Last week Inocente Orlando Montano, accused of planning the murder of six Jesuits, their cook, and the cook’s 15-year-old daughter at the Central American University (UCA) in El Salvador on 16 November 1989, went on trial in Madrid.
Spanish prosecutors allege that Montano took part in “the decision, design and execution” of the murders.
I had nothing to do with the military, and “my responsibilities were limited to the security forces of the police,” Montano said as he began his evidence at the start of the trial on 10 June. No cross-examination of the ex-vice-minister of public security was allowed, as he had exercised his right to answer only questions from his counsel.
A request from the human rights organisations that had helped to bring the case to have their questions read into the court record was refused in case it affected his right not to make statements.
Montano nevertheless agreed that he had been a member of the army year group known as la Tandona, the “class of 1966”, whose members “by chance” ended up in the senior posts of El Salvador’s General Staff. Montano also admitted being aware of a well-known death squad known as Los Maneques (“the mates”), which he described as “a group of extreme right-wing civilians who ran the capital of El Salvador”.
One of those murdered, Fr Ignacio Ellacuría, was a key player in peace negotiations between FMLN rebels and government.
Montano insisted he had nothing against Fr Ellacuría, whom he described as an eminent political scientist who had good relations with Salvadoran President Alfredo Cristiani and was an adviser to him, and also had good contacts with the FMLN guerrillas.
He claimed that the Jesuits had orchestrated the 1979 coup that overthrew the military regime of General Francisco Romero. The former colonel then claimed that there were photos and videos showing the liberation theologian Jon Sobrino “training 10 or12-year old boys to use AK47s”. The Salvadoran Jesuits have denounced this claim as “false”. Fr Rodolfo Cardenal, director of the UCA’s Monseñor Romero Centre, said that there is a photo of the ceremony at which the guerrillas handed over their weapons in which another Jesuit, Fr Jon Cortina, is shown holding a rifle.
This was perhaps the one point at which the court heard the real Montano, recycling the lurid fantasies about the Jesuits that circulated in the 1980s among the Salvadoran military. The picture ex-colonel Montano painted of himself in the Madrid court varies considerably from the account given by the UN-backed El Salvador Truth Commission in 1992. According to the Commission, on the night before the murder Col Montano attended a meeting with the Chief of the General Staff, Col. Emilio Ponce, which gave Col. Alfredo Benavides orders to kill Fr Ellacuría and leave no witnesses. The Commission report also describes Montano as saying publicly that the Jesuits were in sympathy with the guerrillas.
On the third day of the hearing the court heard from José Luis Navarro and Enrique Arnaldo, two lawyers who attended the 1991 trial of nine Salvadoran soldiers in El Salvador for the UCA murders as representatives of the Spanish parliament. Arnaldo said that the whole procedure had consisted in the reading of documents: the accused were not questioned; no evidence was presented and there were no expert witnesses. The jury had refused to visit the crime scene. Even the judge had been uncomfortable, he said. The Spanish observers felt the atmosphere to be hostile. The families of the accused were in court, and the defence lawyers called on the jury to ignore international pressure. Outside the court there was the noise of sirens and a military helicopter flying so low that it was hard to hear what was being said. The trial lasted two and a half days, and on the last afternoon they went to the Spanish embassy to rest, expecting to have to wait a day or more for the verdict. To their surprise they were summoned back to court that evening to hear that the seven most senior officers had been acquitted and two more junior had been convicted; they were subsequently amnestied in 1992.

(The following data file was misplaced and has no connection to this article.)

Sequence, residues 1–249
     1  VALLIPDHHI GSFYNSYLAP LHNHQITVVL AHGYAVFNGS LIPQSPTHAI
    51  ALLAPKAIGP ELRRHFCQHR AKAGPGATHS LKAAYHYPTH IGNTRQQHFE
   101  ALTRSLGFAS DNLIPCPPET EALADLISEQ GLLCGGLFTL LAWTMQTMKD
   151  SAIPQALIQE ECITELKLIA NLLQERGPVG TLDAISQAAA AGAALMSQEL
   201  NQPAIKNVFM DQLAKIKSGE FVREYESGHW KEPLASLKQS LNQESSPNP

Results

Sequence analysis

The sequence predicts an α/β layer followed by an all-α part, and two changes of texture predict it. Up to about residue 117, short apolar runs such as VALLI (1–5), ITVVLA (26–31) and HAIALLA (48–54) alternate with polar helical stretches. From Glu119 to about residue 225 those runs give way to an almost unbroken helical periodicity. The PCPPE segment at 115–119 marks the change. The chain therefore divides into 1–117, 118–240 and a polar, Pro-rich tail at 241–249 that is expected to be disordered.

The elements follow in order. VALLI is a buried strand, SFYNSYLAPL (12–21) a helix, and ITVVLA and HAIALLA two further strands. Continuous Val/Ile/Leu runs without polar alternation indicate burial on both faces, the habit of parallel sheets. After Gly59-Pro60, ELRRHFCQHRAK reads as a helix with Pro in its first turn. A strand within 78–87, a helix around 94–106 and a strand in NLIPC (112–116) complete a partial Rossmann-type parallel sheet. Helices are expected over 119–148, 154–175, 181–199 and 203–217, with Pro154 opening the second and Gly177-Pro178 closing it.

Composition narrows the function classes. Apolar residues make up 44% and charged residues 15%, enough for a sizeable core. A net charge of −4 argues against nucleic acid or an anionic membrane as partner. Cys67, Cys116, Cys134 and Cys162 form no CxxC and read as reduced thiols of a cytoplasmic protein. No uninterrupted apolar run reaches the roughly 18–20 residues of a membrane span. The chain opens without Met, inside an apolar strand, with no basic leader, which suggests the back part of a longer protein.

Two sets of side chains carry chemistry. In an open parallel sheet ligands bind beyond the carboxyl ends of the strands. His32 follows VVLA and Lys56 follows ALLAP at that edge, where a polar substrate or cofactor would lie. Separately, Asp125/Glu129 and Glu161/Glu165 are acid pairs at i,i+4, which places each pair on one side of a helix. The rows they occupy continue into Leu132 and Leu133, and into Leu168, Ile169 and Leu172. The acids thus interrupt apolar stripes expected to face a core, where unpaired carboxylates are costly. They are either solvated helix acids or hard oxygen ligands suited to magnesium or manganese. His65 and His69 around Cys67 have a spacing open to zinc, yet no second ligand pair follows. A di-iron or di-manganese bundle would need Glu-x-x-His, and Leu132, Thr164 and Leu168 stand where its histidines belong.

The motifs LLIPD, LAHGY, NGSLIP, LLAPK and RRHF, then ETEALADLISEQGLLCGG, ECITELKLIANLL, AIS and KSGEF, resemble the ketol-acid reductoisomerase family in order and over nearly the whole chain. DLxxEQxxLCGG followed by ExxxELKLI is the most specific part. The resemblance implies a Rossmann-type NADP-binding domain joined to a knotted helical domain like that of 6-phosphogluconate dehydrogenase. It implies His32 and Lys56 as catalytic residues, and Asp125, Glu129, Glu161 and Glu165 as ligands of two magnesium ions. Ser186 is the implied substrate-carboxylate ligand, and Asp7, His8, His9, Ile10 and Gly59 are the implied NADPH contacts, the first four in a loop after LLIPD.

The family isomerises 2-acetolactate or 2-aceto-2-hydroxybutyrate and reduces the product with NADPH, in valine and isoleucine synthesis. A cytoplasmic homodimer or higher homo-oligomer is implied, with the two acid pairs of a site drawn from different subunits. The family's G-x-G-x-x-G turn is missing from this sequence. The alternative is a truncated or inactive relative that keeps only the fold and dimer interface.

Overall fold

The Madrid hearing has now been suspended until 8 July, when the court will hear evidence from René Yushy Mendoza, a former lieutenant who took part on the attack on the UCA. At the opening of the hearing on 8 June the court accepted that Mendoza’s crime was covered by the statute of limitations, and that the former soldier was willing to give evidence for the prosecution.
In a commentary as the trial opened, the Central American Jesuits and the UCA issued a statement in which they said: “The pain caused by a crime is not healed by allowing it to be forgotten, but by recognition of the truth, repentance and the restoration of the victims’ dignity. This is the path of Christian forgiveness. The Society of Jesus and the authorities of the UCA have expressed their readiness to forgive those who planned and carried out this horrendous crime. Nevertheless, it is necessary that the whole truth should be known, and the various responsibilities elucidated, which is the task of the courts, so that forgiveness can afterwards be offered.” They conclude: “Knowing the truth of what happened in this and other cases will be a benefit for El Salvador, will contribute to justice for the victims, will be a huge step in the process of reconciliation and will bring peace to the killers themselves.”
ReplyReply to allForward